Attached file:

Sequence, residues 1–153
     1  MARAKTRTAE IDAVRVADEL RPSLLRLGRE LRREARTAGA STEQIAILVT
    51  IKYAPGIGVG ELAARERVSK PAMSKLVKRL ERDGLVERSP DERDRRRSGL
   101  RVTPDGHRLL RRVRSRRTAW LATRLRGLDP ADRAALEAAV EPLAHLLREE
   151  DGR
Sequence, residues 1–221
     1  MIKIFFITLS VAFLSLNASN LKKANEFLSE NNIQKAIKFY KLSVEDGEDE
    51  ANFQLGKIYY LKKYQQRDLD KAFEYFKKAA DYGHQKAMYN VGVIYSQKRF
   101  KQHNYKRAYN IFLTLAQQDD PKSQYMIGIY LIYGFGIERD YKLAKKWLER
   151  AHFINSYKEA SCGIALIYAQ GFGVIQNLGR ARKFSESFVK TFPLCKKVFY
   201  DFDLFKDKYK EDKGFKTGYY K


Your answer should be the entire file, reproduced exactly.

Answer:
Sequence, residues 1–153
     1  MARAKTRTAE IDAVRVADEL RPSLLRLGRE LRREARTAGA STEQIAILVT
    51  IKYAPGIGVG ELAARERVSK PAMSKLVKRL ERDGLVERSP DERDRRRSGL
   101  RVTPDGHRLL RRVRSRRTAW LATRLRGLDP ADRAALEAAV EPLAHLLREE
   151  DGR
Sequence, residues 1–221
     1  MIKIFFITLS VAFLSLNASN LKKANEFLSE NNIQKAIKFY KLSVEDGEDE
    51  ANFQLGKIYY LKKYQQRDLD KAFEYFKKAA DYGHQKAMYN VGVIYSQKRF
   101  KQHNYKRAYN IFLTLAQQDD PKSQYMIGIY LIYGFGIERD YKLAKKWLER
   151  AHFINSYKEA SCGIALIYAQ GFGVIQNLGR ARKFSESFVK TFPLCKKVFY
   201  DFDLFKDKYK EDKGFKTGYY K